Definition: The belief that salvation and the new life in Christ is mediated through water baptism. The Catholic Church teaches that the sacraments work by their very application. The latin term for this is Ex Opere Operato – by the working of the works. Under normal circumstances, an infant is baptized and receives sanctifying grace, which removes the inherited sin of Adam. Faith is a necessity for the sacrament to be effective, but it is not the faith of the infant. It is instead the faith of the church that saves the person. Effectively the sacrament requires “double mediation” – both water and faith are mediators. An obvious question that must be answered is: if water baptism results in regeneration, how can a Catholic end up in hell? The Church teaches that their remains concupiscense – the remnants of our sin nature – that causes us to continually struggle against sin. Thus, the other sacraments of the Church are also necessary for our salvation if we sin after baptism. But ultimately we can override our baptism because we have freedom of the will.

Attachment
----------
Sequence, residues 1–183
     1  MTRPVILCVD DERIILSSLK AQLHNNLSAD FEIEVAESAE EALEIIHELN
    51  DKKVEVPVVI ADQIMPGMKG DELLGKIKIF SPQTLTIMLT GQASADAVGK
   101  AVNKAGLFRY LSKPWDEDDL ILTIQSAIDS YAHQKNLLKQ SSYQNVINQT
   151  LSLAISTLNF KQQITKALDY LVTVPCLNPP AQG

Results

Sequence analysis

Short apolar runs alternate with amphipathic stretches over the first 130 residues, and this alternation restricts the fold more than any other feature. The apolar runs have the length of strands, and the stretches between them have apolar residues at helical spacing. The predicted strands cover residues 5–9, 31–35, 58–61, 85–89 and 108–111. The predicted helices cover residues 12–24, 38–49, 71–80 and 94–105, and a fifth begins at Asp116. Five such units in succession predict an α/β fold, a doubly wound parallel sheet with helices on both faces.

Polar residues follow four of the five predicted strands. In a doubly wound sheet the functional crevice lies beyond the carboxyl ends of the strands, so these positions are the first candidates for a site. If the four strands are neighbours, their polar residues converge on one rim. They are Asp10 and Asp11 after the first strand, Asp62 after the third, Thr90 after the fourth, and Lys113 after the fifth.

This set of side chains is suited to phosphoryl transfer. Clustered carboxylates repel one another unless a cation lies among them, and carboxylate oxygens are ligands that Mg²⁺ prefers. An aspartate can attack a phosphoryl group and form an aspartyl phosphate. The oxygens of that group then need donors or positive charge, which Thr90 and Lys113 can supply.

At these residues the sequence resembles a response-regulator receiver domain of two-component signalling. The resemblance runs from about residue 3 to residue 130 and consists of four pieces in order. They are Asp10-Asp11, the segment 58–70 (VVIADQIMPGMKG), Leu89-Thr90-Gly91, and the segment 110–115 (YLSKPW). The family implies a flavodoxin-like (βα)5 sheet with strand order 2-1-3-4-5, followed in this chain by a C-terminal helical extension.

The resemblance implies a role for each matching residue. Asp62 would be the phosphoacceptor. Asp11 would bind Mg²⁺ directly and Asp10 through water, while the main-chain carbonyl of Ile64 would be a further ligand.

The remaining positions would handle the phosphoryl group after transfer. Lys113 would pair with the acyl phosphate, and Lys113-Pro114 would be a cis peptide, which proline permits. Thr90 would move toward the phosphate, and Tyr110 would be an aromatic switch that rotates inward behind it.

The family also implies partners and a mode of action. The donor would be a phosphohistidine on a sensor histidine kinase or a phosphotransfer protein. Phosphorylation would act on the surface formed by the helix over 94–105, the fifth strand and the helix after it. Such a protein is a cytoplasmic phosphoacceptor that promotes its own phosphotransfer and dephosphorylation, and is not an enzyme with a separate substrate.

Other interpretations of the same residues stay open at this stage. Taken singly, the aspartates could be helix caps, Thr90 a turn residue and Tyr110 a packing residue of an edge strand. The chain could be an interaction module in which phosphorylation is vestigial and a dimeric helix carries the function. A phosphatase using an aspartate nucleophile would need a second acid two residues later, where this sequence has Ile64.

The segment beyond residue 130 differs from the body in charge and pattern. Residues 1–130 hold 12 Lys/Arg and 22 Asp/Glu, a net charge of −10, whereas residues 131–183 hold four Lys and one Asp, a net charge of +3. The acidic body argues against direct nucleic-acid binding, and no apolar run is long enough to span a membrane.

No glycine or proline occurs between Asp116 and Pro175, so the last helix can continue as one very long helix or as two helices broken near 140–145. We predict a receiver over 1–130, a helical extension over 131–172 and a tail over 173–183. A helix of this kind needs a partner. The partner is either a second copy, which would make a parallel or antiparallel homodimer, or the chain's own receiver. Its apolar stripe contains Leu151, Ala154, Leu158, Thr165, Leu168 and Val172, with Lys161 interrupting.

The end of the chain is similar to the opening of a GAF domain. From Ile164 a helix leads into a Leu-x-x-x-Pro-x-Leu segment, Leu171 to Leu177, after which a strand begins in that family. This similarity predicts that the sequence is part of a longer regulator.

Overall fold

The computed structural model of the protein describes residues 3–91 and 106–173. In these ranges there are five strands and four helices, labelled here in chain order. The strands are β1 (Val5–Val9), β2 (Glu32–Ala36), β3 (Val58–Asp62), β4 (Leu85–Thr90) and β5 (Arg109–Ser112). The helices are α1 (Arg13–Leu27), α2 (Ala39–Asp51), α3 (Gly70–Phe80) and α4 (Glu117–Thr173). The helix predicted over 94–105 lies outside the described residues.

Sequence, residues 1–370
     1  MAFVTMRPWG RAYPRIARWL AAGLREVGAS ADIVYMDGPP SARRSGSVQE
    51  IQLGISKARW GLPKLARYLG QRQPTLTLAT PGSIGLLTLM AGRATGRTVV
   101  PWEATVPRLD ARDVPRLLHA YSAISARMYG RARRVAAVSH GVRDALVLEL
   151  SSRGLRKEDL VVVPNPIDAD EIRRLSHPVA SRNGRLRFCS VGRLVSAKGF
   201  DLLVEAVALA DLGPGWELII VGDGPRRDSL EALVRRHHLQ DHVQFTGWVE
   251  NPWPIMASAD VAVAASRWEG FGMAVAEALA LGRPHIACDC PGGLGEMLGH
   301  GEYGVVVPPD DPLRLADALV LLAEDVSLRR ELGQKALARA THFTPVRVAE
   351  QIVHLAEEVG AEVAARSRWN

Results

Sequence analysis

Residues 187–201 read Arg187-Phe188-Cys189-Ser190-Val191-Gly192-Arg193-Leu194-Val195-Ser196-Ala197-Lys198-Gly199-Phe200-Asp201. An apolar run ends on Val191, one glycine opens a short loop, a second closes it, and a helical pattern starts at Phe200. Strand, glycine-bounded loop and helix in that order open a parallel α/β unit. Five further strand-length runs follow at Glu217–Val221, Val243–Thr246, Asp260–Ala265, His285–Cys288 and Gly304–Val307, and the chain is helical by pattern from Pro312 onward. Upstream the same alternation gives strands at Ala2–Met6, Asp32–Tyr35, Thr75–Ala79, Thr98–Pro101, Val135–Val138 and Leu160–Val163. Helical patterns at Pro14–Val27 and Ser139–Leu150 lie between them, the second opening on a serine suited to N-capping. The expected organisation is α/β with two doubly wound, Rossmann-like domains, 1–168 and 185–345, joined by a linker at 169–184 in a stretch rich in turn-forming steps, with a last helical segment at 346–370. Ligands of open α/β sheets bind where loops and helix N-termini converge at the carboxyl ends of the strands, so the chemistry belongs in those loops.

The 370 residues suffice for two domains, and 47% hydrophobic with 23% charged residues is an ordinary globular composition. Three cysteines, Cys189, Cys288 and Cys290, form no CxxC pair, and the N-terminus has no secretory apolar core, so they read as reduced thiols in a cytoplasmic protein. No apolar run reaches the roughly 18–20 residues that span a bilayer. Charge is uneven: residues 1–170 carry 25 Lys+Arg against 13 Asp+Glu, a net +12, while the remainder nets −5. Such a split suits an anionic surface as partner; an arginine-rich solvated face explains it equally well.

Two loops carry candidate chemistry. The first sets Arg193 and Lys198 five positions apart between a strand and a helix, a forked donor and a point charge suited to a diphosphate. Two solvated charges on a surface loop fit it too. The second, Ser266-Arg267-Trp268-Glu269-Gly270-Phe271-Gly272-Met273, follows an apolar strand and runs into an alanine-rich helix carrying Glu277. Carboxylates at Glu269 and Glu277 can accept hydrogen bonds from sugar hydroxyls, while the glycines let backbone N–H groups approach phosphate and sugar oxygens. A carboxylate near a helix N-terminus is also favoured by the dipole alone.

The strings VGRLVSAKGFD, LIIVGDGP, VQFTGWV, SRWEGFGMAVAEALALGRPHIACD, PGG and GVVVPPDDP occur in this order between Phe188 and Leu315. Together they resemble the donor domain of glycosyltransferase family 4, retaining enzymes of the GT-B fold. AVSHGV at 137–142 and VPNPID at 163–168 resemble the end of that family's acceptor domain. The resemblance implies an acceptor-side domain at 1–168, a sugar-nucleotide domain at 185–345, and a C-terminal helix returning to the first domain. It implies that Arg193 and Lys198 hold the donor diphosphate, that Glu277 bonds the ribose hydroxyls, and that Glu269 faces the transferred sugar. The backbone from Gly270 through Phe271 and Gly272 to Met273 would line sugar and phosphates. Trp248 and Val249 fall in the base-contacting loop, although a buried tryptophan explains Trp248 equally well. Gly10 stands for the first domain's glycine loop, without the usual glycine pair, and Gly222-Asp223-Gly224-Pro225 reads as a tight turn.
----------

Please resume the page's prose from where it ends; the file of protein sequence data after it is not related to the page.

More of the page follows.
Discussion: Baptismal regeneration is a heinous doctrine that lulls one into a false sense of well-being and leads many to hell. It confuses the sign of the covenant with the actuality of spirit baptism. It takes salvation out of the realm of the Spirit (who “blows where He wills – John 3) and places it in the hands of the priest. It places the cart before the horse. Baptism is a sacrament that should be applied to believers who have experienced the gracious salvation through faith (Eph. 2:8-9). We are justified by faith alone, not through baptism, the faith of the Church, and the Roman sacraments.
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